He then described the exceeding happiness of believers in Christ, and the miserable condition of unbelievers. These are John's words—"He who believes on the Son has everlasting life, and he who believes not shall not see life, but the wrath of God abides on him." It is not said, that he who believes shall have everlasting life, but that he has even now everlasting life. It is not said that he who believes not, shall taste the wrath of God, but that now the wrath of God abides on him. Every person is at this moment in one of these conditions; he either has everlasting life, or he is under the wrath of God. How very happy, or how very miserable every person ought to be! Ought not that person to be miserable, who knows that at any moment he may be snatched away from the scene of his enjoyments? If we were to see a man living in splendor, in a magnificent house, surrounded by luxuries, and were told that he had immense debts, and that numerous creditors might at any moment thrust him into prison, would we count him happy? He could not be happy, if he reflected upon his circumstances. Perhaps he would not reflect; perhaps he would run from one diversion to another, and thus endeavor to keep up his spirits. Now all unbelievers owe an immense debt to the justice of God, and they are in danger at any moment of being thrust into prison, even that prison of hell from where none ever escape. They would not enjoy a moment's peace if they reflected on their condition.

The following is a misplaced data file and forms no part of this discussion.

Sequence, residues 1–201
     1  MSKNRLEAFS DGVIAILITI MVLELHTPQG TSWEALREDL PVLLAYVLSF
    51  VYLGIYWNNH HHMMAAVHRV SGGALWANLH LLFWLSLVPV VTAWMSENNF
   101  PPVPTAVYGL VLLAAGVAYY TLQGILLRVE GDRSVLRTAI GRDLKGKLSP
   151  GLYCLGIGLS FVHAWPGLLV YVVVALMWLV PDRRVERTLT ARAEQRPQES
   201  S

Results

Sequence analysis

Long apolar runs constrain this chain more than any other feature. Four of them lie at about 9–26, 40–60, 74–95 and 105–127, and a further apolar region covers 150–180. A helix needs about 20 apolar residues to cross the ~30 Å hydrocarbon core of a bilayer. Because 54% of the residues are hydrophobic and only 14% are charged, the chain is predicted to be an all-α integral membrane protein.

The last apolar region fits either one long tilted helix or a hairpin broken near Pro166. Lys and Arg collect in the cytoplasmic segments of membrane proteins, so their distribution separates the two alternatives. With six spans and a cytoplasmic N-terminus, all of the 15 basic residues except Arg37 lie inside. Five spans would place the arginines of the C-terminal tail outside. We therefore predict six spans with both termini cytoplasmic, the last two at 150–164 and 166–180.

How different is the state of the believer! If you were to see a poor man, coarsely clothed and scantily fed, and if you were to be assured he was the heir of a large estate, you would expect him to bear his present hardships without murmuring. If we believe in the Son of God, we are the heirs of God; we were his debtors, but Christ paid our debt by his blood, and when we believed, we were free from it; and not only so, but we were made the heirs of a heavenly kingdom. Ought we not to rejoice exceedingly, and to reckon nothing of our present losses and disappointments, because of the great inheritance promised to us?
Luke 3:19, 20. John's imprisonment.